WASHINGTON — Airbus Defence and Space wanted to launch a satellite servicer shortly after Northrop Grumman launched MEV-1, but backed away from those plans two years ago because of uncertainty about the commercial market.
Northrop Grumman’s Mission Extension Vehicle 1 launched in October and docked with the Intelsat-901 communications satellite in February, paving the way for a five-year extended lease on life.
Airbus Defence and Space is “really excited to see what Northrop is doing” with MEV-1 to gauge whether satellite servicing is a viable business that Airbus ought also pursue, Oliver Juckenhöfel, Airbus Defence and Space’s senior vice president of on-orbit services and exploration, said March 9.
“We still have in the drawers what we were doing in 2018 and we are able to ramp them up again if necessary,” he said during a press conference at the Satellite 2020 conference here.
Airbus was preparing a satellite servicer based on the Eurostar Neo platform it uses as the basis for some telecommunications satellites, Juckenhöfel said. The servicer would have used all-electric propulsion and “robotic elements” to grab other satellites for refueling, he said.
“It was a very nice design — technically feasible — but we had significant questions on the overall business case,” Juckenhöfel said.
Airbus halted work on the servicer after reaching a preliminary design review, he said.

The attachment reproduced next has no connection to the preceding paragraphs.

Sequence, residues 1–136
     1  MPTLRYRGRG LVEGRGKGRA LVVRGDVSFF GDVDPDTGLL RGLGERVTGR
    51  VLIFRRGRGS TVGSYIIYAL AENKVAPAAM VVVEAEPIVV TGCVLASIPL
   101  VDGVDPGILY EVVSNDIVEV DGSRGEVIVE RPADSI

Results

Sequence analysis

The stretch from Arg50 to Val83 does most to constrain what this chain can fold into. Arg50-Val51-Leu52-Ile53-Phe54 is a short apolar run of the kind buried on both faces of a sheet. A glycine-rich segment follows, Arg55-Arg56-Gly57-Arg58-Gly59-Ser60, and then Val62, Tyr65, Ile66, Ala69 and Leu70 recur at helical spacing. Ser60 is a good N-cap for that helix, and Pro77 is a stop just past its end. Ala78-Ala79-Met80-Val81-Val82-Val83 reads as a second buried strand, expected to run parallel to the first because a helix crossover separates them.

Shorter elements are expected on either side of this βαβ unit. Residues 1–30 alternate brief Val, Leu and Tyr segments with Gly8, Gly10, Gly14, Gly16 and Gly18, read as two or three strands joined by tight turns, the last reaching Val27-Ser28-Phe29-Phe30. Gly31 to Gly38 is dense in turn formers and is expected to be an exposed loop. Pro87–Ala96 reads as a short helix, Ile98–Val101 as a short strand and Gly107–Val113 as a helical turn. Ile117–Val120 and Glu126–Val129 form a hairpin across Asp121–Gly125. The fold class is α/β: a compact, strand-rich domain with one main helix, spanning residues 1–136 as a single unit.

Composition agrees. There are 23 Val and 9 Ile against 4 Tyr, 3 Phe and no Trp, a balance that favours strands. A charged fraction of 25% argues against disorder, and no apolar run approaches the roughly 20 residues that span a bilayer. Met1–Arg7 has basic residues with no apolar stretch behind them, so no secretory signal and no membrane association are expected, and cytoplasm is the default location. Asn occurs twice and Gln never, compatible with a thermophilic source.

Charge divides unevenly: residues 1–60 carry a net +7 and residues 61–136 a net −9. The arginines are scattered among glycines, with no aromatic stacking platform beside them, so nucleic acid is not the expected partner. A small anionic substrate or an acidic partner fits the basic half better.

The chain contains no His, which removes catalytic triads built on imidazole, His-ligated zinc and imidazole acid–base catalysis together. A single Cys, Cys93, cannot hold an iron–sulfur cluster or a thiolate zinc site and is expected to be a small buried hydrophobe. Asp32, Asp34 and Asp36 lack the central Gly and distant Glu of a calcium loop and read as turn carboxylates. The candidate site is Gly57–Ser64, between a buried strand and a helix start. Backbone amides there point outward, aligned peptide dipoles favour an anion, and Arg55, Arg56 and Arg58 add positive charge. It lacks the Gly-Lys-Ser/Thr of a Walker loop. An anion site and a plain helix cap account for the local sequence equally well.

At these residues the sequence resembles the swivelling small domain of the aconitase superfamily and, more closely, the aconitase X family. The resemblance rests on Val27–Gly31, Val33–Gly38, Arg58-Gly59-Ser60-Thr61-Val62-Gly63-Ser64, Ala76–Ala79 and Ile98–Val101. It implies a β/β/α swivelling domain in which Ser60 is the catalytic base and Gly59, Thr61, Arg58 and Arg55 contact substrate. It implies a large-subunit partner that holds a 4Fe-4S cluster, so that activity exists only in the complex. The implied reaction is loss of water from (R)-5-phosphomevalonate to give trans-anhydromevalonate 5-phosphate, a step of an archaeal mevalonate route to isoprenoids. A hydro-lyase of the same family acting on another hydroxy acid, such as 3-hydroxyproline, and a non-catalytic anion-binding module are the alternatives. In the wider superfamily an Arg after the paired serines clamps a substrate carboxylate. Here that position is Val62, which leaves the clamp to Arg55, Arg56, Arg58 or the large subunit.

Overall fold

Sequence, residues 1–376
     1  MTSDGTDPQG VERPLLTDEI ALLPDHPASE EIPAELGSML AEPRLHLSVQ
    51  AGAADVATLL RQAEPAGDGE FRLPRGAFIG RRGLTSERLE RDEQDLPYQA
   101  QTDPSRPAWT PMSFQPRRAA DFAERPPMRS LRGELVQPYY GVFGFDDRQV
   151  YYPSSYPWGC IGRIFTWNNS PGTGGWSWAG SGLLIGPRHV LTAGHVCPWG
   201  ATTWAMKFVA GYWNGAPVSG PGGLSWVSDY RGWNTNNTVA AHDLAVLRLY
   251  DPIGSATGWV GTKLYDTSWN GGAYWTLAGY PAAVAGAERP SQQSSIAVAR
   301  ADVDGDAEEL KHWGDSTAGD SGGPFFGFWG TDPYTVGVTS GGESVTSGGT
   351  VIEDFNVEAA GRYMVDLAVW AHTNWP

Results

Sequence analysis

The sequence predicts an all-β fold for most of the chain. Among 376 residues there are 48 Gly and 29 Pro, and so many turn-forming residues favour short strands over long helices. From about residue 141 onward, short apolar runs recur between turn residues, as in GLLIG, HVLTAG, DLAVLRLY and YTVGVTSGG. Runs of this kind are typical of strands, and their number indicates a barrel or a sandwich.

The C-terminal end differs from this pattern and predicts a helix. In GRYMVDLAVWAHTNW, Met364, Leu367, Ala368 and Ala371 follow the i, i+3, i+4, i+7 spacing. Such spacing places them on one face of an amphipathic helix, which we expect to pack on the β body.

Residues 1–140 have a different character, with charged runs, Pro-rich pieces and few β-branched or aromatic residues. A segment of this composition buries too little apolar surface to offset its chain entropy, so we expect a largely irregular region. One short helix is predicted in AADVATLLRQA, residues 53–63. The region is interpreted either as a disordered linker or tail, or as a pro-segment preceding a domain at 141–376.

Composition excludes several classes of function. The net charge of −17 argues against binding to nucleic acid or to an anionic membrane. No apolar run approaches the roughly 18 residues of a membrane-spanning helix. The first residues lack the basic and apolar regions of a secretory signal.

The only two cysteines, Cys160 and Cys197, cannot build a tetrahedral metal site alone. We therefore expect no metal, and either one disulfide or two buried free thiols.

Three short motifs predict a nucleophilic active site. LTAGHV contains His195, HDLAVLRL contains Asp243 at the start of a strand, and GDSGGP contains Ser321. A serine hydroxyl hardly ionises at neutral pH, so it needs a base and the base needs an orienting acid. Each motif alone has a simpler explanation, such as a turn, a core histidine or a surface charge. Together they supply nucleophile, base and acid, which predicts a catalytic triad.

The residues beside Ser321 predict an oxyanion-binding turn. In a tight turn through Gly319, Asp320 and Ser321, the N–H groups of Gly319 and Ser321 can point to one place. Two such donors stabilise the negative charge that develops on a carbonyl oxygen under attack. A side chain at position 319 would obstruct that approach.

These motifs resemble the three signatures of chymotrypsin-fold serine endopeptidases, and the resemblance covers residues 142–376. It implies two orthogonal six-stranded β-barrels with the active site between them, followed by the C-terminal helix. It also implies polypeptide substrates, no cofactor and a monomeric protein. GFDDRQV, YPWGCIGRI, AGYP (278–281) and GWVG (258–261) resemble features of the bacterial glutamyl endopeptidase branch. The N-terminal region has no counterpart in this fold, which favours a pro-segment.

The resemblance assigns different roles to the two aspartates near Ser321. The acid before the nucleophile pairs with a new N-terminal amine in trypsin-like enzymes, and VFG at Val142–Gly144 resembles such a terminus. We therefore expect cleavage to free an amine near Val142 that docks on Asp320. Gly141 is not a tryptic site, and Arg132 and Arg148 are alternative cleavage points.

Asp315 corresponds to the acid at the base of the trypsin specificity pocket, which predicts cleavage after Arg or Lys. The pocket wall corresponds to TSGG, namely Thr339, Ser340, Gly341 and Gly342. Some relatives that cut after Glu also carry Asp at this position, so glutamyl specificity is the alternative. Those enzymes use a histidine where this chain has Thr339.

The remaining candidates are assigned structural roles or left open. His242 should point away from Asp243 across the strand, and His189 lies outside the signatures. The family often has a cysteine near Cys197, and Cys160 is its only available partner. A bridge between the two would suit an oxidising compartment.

“We feel it’s better not to be the first, in this particular case,” Juckenhöfel said. “We are watching it, but undecided.”
Frank DeMauro, Northrop Grumman Space Systems’ vice president and general manager for Tactical Space Systems, said on a panel March 10 that MEV-1 is in the process of moving Intelsat-901 to its orbital slot. The combined stack — MEV-1 controls Intelsat-901 — should arrive at 332.5 degrees east by the end of March, he said, where it can cover both American continents, Africa and Europe.
Transferring traffic from the ageing Intelsat-907 over to Intelsat-901 will take a few days to a week, he said, with full service starting in the “first half of April if not sooner.”
Northrop Grumman has a second MEV that DeMauro said launches in June. Intelsat is also the customer for that servicer, which launches on an Ariane 5. Each MEV has a 15-year design life, enabling extension missions for multiple spacecraft.
For Airbus to resurrect its servicer program would require a sizeable financial investment that Juckenhöfel declined to quantify.
A significant determining factor is launch pricing, which Juckenhöfel said adds too much cost for satellite servicing to be feasible in Airbus’ eyes, especially as communications satellites get cheaper.
Other spacecraft manufacturers have flirted with the idea of satellite servicing.
Thales Alenia Space said last year it would build a satellite servicer provided it could land a government customer to anchor the program.
Maxar Technologies was selected to build a servicer for the U.S. Defense Advanced Research Projects Agency, but relinquished the program in early 2019. DARPA later selected Northrop Gruman to continue that program, known as the Robotic Servicing of Geosynchronous Satellites.